Reed, an advisor in LA, was telling me about his frustrations with a doctor-lawyer couple. He thought they were already his clients, but after leaving several messages for the husband to set up a time to meet with them, he had not gotten a response.
“I finally had a great conversation with his wife, and I told her I had been trying to reach him to schedule a time to see them,” he said. “But she told me that because of his schedule, I’d have to speak with him. So I was right back at square one.”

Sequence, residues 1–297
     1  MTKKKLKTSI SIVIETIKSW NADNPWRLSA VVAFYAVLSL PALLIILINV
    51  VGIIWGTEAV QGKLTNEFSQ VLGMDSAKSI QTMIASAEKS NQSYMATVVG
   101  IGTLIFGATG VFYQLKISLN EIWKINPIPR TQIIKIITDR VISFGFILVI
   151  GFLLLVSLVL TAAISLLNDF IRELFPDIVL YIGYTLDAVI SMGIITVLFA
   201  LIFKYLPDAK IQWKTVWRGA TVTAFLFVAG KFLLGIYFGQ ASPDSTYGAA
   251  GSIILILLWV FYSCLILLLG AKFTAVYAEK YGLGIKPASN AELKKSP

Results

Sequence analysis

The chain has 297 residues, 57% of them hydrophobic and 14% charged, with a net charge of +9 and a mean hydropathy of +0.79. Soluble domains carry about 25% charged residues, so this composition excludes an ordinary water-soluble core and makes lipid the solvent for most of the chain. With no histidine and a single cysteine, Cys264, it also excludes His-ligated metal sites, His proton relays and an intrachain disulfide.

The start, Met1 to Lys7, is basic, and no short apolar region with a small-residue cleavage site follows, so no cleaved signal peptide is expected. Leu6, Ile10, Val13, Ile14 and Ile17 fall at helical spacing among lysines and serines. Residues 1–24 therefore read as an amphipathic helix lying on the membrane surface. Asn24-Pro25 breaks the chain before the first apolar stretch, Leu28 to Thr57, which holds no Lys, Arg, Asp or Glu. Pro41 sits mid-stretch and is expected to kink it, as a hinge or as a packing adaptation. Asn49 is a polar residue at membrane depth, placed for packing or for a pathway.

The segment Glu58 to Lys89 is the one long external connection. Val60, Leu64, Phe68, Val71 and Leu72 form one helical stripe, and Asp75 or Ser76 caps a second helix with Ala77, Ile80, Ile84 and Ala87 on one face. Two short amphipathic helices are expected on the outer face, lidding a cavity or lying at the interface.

“These are clients who are obviously not jumping up and down at the idea of meeting with you,” I observed. “Do they know why you want to see them?”
“Well, no,” he responded.
“Then why should they want to see you?” I asked, “You don’t have a close relationship with them and it looks like they’re pretty busy.”
“But I have this great product I want to convert them to,” Reed explained.
“OK. That’s a good reason to see them. But they don’t know that, do they? And even if they did, why would they want to see you to buy another product you think is great?”
“I guess there’s no good reason,” he conceded. So, I pressed him a little more.